I know that Cesar Millan is a controversial figure in the dog world, but there is one thing he says that has always stuck with me: “You don’t always get the dog you want, you get the dog you need.” I try to keep that mantra in mind when my darling dog decides to test my patience.
A week after I adopted Maybelle I stopped by social hour at a local doggy daycare, where $5 gets you and your dog an hour of socialization. On this particular afternoon the only other dogs around were a couple who had just finished up agility training, and the daycare owner’s dog, an Australian Cattle Dog–Border Collie mix. He immediately took a liking to Maybelle, his Cattle Dog cousin. As the dogs played the owner said to me, “Have you noticed how controlling Cattle Dogs are?”
I hadn’t quite thought of it that way, but yes, I had noticed a few behaviors that seemed a little unusual. For instance, whenever one of my cats would walk by Maybelle’s food bowl, she would jump up and put her body between the cat and the bowl — even when there was no food in it. I quickly put a stop to that, lest it escalate to more traditional food aggression, but some of her other controlling behaviors were actually a big help. The sound of the cats scratching the furniture will wake her out of a dead sleep, and she immediately leaps into action. I don’t even have to bother yelling at the cats anymore, because Maybelle chases them off far more effectively than I ever could.
The dog park is kind of out of the question for us. While Maybelle does great in the more controlled atmosphere of doggy daycare, the chaos of the dog park turns her control freak meter up to 10. Dogs claiming the picnic table, or ganging up on one dog in the usual dog park melee? These are problems that, apparently, can only be solved by my dog.
Here’s the thing: I can’t really blame it all on her breed. I’m kind of a control freak, too — in fact, it’s why I am drawn to herding breeds. You can teach them anything in a matter of minutes. Sometimes you find they’ve learned something you didn’t even know you were teaching them. If I had to live with a hard-headed hound who just stares blankly at me after I ask him to perform some basic task, I’d tear my hair out. I like order, and I like a dog that appreciates it, too.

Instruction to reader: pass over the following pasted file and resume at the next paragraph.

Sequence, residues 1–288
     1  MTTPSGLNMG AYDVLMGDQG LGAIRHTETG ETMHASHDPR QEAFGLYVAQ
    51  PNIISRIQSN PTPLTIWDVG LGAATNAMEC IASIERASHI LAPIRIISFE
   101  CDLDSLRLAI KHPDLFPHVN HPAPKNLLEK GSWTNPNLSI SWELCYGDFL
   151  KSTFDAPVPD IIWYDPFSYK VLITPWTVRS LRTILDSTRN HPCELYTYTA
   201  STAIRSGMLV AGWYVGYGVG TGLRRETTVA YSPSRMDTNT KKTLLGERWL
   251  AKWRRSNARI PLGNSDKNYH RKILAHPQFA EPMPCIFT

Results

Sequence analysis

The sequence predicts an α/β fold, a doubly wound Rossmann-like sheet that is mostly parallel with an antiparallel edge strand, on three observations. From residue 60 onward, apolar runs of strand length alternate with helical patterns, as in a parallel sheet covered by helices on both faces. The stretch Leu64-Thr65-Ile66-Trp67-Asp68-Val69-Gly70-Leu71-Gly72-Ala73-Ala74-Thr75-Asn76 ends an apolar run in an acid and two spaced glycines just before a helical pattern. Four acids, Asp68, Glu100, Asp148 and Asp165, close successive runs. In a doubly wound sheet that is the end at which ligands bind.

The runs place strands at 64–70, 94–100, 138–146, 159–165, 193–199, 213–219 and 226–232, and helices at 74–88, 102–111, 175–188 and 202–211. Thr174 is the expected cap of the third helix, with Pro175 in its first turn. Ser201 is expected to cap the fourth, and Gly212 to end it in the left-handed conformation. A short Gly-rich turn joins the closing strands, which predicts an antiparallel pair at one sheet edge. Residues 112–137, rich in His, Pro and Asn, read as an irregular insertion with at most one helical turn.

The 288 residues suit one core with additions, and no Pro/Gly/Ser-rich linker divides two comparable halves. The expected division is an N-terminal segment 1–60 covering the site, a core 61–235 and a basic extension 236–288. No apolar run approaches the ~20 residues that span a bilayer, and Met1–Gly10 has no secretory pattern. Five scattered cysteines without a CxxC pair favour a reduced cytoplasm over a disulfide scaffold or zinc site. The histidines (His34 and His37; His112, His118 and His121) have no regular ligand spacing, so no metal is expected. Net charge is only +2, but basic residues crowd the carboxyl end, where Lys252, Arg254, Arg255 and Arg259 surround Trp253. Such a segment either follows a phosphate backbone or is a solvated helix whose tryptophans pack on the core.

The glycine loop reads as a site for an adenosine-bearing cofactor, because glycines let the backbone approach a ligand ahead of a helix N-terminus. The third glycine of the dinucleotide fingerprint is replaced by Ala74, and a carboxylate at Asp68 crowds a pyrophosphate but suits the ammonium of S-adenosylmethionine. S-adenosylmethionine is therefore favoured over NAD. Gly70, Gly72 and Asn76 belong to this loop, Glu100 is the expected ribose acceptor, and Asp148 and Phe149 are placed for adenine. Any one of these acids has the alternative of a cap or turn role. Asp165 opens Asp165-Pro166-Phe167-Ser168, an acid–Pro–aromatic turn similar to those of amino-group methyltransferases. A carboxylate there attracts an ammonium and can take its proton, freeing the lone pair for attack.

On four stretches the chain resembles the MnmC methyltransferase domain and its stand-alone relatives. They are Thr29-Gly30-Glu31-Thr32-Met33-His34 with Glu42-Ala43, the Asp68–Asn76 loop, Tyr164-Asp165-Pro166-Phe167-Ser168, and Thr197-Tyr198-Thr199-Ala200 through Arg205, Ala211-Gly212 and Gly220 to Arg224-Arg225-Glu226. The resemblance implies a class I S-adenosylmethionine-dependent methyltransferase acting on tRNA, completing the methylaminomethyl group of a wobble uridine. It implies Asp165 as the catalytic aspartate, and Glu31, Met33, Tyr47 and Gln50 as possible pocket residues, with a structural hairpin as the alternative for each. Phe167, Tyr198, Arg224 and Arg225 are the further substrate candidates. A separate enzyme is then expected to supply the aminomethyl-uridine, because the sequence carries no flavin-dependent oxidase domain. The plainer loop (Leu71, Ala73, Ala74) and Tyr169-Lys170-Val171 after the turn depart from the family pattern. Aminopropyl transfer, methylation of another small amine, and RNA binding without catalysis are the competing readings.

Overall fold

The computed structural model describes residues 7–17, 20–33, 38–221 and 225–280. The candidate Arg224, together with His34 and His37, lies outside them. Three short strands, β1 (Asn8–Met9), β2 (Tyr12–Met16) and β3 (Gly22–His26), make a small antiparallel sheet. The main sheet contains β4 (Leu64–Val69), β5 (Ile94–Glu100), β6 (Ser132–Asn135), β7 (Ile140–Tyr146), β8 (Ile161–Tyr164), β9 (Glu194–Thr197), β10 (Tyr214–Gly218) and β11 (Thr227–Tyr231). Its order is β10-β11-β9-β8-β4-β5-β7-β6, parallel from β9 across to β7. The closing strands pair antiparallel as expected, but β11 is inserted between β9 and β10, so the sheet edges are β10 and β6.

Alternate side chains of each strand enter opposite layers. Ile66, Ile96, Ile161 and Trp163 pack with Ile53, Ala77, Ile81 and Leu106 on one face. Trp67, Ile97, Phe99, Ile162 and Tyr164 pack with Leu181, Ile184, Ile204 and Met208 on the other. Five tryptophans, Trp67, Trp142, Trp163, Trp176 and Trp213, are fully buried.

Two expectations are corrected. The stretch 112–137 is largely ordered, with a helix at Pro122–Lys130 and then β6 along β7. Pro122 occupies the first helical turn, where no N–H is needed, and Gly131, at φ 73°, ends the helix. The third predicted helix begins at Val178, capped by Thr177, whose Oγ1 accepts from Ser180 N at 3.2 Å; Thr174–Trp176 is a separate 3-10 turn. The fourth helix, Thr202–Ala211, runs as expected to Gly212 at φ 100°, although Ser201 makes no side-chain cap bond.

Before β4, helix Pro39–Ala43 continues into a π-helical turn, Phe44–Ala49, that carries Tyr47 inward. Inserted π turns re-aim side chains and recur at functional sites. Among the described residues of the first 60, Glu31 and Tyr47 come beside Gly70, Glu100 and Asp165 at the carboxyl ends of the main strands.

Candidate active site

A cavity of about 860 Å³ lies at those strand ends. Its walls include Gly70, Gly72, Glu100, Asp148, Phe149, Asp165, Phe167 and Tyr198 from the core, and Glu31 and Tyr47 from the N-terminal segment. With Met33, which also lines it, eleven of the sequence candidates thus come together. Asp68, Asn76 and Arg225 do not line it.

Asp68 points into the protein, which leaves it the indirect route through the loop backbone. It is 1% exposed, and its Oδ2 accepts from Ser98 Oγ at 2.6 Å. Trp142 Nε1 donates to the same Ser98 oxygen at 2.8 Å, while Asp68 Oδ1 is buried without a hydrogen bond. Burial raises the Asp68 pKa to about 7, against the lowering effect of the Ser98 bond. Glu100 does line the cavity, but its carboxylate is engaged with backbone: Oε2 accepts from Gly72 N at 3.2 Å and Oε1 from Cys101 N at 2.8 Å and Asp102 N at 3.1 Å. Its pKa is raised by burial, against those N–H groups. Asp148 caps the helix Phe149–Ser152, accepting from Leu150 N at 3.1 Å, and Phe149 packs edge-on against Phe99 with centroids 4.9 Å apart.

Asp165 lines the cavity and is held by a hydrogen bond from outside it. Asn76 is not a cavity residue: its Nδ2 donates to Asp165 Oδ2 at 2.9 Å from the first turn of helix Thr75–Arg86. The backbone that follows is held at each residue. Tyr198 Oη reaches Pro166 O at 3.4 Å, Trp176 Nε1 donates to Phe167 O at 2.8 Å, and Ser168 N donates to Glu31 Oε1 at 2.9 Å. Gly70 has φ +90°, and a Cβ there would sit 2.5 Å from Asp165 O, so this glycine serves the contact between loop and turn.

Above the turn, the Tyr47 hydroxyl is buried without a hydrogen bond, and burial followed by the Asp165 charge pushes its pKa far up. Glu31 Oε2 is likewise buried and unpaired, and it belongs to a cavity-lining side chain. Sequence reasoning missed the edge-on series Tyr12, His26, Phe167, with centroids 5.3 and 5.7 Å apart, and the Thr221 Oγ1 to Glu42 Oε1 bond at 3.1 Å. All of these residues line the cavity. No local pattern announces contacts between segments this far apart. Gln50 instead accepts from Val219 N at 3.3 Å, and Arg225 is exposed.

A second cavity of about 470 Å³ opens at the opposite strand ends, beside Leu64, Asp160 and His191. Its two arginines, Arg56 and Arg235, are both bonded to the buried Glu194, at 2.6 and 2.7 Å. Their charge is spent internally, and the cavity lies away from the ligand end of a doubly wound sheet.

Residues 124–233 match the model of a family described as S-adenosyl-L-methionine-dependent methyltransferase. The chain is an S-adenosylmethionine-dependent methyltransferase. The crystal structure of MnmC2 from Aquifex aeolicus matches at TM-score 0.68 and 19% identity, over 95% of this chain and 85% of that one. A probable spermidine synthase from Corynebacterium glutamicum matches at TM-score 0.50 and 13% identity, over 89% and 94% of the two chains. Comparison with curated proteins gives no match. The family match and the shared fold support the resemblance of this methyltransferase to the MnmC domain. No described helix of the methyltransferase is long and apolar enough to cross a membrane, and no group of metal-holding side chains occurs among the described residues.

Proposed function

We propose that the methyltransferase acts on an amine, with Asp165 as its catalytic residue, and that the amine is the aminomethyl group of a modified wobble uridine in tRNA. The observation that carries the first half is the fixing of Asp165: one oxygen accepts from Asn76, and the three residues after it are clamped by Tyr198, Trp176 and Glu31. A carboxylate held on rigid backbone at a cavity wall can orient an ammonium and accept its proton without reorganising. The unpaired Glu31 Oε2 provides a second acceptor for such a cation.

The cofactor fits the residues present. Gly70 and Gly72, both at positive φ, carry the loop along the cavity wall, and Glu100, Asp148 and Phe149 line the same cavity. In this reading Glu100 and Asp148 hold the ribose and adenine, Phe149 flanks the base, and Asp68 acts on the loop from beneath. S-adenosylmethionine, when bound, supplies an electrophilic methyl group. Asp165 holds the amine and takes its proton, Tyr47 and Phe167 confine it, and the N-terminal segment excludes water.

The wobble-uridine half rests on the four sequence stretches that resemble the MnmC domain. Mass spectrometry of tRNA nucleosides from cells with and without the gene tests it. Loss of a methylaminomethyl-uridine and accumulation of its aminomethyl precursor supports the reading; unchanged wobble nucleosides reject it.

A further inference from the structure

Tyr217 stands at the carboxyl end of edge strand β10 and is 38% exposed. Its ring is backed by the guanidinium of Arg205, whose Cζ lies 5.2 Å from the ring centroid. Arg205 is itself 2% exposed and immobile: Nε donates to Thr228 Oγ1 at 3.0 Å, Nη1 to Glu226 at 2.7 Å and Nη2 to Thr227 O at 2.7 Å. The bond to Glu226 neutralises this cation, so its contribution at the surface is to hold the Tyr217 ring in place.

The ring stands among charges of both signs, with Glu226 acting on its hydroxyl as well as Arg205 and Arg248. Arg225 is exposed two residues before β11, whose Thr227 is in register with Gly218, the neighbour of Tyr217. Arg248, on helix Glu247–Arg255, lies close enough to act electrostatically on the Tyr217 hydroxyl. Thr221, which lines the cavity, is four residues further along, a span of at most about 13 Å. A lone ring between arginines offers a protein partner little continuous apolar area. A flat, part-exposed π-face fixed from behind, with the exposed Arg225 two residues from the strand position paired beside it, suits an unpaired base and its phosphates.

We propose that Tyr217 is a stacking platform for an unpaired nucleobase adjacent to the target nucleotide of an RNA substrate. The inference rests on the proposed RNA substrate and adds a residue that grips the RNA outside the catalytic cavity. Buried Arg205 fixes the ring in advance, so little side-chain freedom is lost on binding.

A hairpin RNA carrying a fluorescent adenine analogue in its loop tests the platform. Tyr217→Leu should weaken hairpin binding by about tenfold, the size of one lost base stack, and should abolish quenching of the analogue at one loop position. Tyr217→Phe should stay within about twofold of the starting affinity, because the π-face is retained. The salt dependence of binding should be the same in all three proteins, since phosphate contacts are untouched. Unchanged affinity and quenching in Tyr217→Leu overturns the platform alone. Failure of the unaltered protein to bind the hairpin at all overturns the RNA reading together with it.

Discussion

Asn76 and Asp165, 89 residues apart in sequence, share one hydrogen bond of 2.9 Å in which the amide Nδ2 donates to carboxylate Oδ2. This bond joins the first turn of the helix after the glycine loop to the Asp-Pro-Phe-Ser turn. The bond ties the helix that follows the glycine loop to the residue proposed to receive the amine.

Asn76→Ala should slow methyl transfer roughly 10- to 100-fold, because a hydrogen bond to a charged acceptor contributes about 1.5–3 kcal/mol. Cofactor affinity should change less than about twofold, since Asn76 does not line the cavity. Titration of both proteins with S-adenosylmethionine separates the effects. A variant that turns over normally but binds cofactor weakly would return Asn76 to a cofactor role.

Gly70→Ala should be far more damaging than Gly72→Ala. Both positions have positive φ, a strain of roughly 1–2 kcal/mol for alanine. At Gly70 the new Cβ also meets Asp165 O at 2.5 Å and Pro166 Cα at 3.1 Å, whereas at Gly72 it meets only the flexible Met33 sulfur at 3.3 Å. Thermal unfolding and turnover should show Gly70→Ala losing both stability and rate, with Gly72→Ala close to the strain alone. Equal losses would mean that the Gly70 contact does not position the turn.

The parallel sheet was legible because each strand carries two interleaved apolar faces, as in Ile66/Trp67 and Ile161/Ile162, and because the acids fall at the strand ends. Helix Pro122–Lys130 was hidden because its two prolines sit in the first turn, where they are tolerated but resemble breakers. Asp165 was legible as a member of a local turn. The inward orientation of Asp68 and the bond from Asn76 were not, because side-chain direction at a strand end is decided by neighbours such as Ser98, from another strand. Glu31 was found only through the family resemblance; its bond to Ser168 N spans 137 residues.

But our shared love of order and control has us at odds when it comes to strange dogs we encounter on walks. I adopted Maybelle from the Humane Society of Connecticut, but she had been shipped up from a rural shelter in Georgia. She’d obviously had a few litters of puppies, and it was clear that she’d been allowed to roam. Adjusting to a more suburban life on the leash has been a bit of a challenge for her.
I want her to walk politely on a leash. She wants to go running up to every dog she sees, sniff their butts, and assess them as friend or foe. For many obvious reasons, this is not an option. Originally, this mostly just manifested as her pulling on the leash in the typical dog fashion, but as time has gone by — and one neighborhood dog after another had passed by un-sniffed — she’s progressed to barking at the dogs as they go merrily on their way.
Training has helped in small ways. Every dog barking in his yard or from her window isn’t a cause for alarm anymore, though the really frantic or aggressive ones can still get a rise out of her. When I take her to a nearby park to watch dogs come and go from the dog park, it’s like she knows that training is in session and she behaves like an angel. But when we step back out on the streets of our neighborhood, we have the same old problem.
I know that, to some degree, my own control freak tendencies have contributed to this. Early on I began crossing the street when I saw a dog coming in the other direction. Up until then she’d given me no reason to believe she couldn’t happily greet an oncoming dog, but because she was so excited and ready to drag me, I’d deny her the reward of meeting the dog. Her frustration grew, and she started acting out. Meanwhile, of course, my frustration grew as well, which doesn’t help matters. But there have been a few times when I had no choice but to let go and let a greeting happen, and it usually works out well.
One day we were out walking when we were accosted by a Boston Terrier who had escaped his yard. The little guy was jumping all over me before Maybelle or I had even seen him. The dog wasn’t interested in her, but was scratching my legs to pieces. For her part, Maybelle impotently nipped at him, trying to keep him away. After a minute or two of chaos the dog settled down long enough for her to give him a good sniff, and she promptly lost interest. I called the number on his tags, and we brought him home.
Unfortunately, letting Maybelle drag me to every dog she sees still isn’t an option, but I’m trying to find the balance between being a control freak and being a good dog owner who still lets her dog be a dog. This involves a lot of deep breathing and me trying to remember that this is the dog I need, and if we can work out our control issues together, everyone will be better off.
Is your dog a control freak? What has your dog taught you about yourself? Tell us in the comments.
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About the Author: Theresa Cramer is a journalist and editor by trade, a NPR addict, and an avid gardener. She blogs at Writer on the Prowl, where you will find pictures of her garden, her pets, and musings about whatever is on her mind. She is working on a book about content marketing, and how to make the transition from journalist to brand journalist.